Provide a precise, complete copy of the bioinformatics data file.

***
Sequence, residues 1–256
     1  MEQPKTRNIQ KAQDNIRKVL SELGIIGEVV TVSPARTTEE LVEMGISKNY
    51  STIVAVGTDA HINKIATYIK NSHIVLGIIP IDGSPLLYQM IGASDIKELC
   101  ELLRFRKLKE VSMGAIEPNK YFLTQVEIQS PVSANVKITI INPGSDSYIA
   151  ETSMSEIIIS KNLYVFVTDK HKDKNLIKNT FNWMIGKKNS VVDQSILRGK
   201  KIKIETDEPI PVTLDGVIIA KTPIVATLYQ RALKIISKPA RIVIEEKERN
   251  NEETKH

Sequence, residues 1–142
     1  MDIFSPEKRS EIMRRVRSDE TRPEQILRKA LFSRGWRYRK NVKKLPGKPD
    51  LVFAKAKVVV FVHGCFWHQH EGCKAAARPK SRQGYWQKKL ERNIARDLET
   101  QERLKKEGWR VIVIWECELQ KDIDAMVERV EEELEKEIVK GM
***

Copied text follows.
Sequence, residues 1–256
     1  MEQPKTRNIQ KAQDNIRKVL SELGIIGEVV TVSPARTTEE LVEMGISKNY
    51  STIVAVGTDA HINKIATYIK NSHIVLGIIP IDGSPLLYQM IGASDIKELC
   101  ELLRFRKLKE VSMGAIEPNK YFLTQVEIQS PVSANVKITI INPGSDSYIA
   151  ETSMSEIIIS KNLYVFVTDK HKDKNLIKNT FNWMIGKKNS VVDQSILRGK
   201  KIKIETDEPI PVTLDGVIIA KTPIVATLYQ RALKIISKPA RIVIEEKERN
   251  NEETKH

Sequence, residues 1–142
     1  MDIFSPEKRS EIMRRVRSDE TRPEQILRKA LFSRGWRYRK NVKKLPGKPD
    51  LVFAKAKVVV FVHGCFWHQH EGCKAAARPK SRQGYWQKKL ERNIARDLET
   101  QERLKKEGWR VIVIWECELQ KDIDAMVERV EEELEKEIVK GM